And in this way, depth in art is more about time than space.


The conscious awareness of medium specificity has lately become a thing for judging art. Now that the game has been through enough seasons to have worn out the possibilities for novelty (which has always been a treasured value, but the frenzy of the NEW! since the advent of modernism and the romance of the avant-garde has pushed the quest for novelty into laughable aporia) judgement must consider the thing in itself, rather than its difference from other things. This is a new idea to critics, but has always been there for the artist. 


Different media have different rules. Established media have established rules, while newer media may still be figuring out its game. The game framework and the explosion of new media have expanded the relationship to the rules beyond the traditional interest in mastery. Now work may also be judged by different attitudes towards those rules than just seeing them as a means to excellence, and the critic’s perspective comes into play in art production. In fact, excellence itself has lost its luster and its now possible to prefer crappiness and to strive for clumsiness in making art. For some this might paradoxically be a sign of authenticity, for others just a critique of repressive ideals.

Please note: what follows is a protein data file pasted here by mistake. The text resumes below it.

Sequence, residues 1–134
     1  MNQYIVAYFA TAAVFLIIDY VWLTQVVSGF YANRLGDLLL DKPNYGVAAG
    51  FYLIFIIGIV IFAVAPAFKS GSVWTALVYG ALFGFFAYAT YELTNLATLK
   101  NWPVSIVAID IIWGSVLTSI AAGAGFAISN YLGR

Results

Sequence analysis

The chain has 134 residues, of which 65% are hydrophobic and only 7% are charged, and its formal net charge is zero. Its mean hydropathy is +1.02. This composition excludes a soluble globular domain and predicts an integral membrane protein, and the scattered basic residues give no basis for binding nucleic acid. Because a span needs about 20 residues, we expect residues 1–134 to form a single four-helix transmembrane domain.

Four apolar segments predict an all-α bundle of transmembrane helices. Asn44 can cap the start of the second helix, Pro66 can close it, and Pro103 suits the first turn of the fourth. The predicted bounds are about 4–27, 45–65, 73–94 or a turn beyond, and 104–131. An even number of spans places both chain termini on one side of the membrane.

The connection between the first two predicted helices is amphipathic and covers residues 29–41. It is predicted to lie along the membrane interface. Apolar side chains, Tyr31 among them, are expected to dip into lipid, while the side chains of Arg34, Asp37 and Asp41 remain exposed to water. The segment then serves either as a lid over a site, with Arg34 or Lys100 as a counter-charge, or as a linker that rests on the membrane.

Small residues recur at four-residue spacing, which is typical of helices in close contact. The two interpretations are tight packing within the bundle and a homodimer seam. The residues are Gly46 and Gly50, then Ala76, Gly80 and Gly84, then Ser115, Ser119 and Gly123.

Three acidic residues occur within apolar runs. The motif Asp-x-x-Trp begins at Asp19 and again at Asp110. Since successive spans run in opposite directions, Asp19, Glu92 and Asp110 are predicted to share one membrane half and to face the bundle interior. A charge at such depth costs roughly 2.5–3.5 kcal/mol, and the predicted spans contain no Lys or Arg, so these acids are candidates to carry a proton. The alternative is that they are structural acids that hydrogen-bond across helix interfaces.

Mixed media is one way that this non-excellent manner has moved into the game. Mixed media is already a critical practice, since each medium wants to remain in its own lane, framed and pure, its discipline intact. And that disciplinary identity is fixed to a canon of exemplary precedents. In mixed media the crappy thing can be accepted and excepted, introduced to the mix without compromising the subject medium’s standards of recognizability and contrasting meaningfully with the otherwise exceptional stuff around it. 


Mixed media mixes media, not their rules. Mixed media collage makes this more obvious, since the different media come to the party intact, and the mixing occurs among physically discreet elements. Collage removes the temptation to blend or smear which preserves the integrity of medium when clumsiness is introduced. In mixed media work there is always a dominant medium that underlies and frames the effects of the other players, sometimes literally, defining the playing field so that the other media can be as clumsy or wrong as critically necessary to make the point.